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Since you ask specifically about Aristotle, he defined tragedy as events of a certain magnitude. We usually think of tragedy as being bigger than life, an event out of proportion with normal life, usually a terrible one.
Here is a good link:
While the definition and interpretation of "tragedy" has changed over the centuries, it always includes a protagonist who falls from grace due to a "tragic flaw"--sometimes a weakness in his character and sometimes a circumstance of which he has no control. The fact that the tragedy is expected to produce audience enjoyment creates an unusual paradox.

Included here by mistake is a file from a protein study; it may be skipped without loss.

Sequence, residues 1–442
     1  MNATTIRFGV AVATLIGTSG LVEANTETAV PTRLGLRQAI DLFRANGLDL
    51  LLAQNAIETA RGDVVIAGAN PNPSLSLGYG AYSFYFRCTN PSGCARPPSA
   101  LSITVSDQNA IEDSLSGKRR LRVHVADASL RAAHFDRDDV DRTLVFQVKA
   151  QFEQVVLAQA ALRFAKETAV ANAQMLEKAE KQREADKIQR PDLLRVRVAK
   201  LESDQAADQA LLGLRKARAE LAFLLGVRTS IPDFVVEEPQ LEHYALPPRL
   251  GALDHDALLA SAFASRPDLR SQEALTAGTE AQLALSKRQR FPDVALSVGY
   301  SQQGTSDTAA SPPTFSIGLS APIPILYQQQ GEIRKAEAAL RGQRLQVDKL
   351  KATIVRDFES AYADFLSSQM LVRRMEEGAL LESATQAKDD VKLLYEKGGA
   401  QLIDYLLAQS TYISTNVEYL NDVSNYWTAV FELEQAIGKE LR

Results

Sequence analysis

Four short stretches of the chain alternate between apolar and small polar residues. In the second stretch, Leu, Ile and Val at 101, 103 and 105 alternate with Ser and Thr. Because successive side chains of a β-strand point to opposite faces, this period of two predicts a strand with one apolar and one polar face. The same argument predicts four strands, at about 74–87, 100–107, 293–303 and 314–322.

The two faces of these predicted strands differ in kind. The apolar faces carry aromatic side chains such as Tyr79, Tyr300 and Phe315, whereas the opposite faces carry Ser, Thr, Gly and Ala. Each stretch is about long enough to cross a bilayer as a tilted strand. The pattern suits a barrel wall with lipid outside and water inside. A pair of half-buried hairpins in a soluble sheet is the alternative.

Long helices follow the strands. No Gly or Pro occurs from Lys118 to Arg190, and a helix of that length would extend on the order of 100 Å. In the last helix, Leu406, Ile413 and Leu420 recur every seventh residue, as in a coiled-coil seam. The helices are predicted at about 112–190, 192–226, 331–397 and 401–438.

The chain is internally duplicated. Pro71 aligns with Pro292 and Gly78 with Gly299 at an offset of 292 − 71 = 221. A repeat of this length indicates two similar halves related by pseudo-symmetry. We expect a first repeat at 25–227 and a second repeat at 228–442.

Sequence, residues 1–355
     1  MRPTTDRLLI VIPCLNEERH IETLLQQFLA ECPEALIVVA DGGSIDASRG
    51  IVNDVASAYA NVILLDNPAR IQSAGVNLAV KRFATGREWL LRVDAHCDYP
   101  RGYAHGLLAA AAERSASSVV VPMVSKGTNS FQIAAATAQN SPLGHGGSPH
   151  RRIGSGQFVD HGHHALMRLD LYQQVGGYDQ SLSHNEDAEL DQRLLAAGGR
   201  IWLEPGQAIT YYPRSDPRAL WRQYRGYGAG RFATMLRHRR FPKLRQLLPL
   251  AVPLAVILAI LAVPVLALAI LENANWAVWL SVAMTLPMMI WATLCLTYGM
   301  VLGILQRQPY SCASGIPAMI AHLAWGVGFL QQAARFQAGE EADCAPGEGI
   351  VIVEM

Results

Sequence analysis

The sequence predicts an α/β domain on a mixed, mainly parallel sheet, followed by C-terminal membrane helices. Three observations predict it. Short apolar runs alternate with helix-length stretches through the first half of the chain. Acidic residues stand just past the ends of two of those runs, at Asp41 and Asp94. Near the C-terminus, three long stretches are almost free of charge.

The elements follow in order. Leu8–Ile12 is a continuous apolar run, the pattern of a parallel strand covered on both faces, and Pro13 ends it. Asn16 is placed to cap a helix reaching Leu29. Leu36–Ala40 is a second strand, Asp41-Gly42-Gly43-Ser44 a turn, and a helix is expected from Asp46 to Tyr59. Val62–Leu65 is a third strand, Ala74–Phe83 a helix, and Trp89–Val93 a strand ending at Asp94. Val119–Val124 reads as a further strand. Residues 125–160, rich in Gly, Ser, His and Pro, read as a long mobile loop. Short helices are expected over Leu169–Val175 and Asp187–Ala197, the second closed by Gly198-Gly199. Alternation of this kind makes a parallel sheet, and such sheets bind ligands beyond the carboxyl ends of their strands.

I think a tragedy is when the protagonist (the main character) starts off good, but ends up either a) dead or b) in a death like state. Shakespeare has some great tragedies out there!
Tragedy is simply a disastrous event either expected or unexpected
Tragedy: A dramatic composition, often in verse, dealing with a serious or a sober theme.
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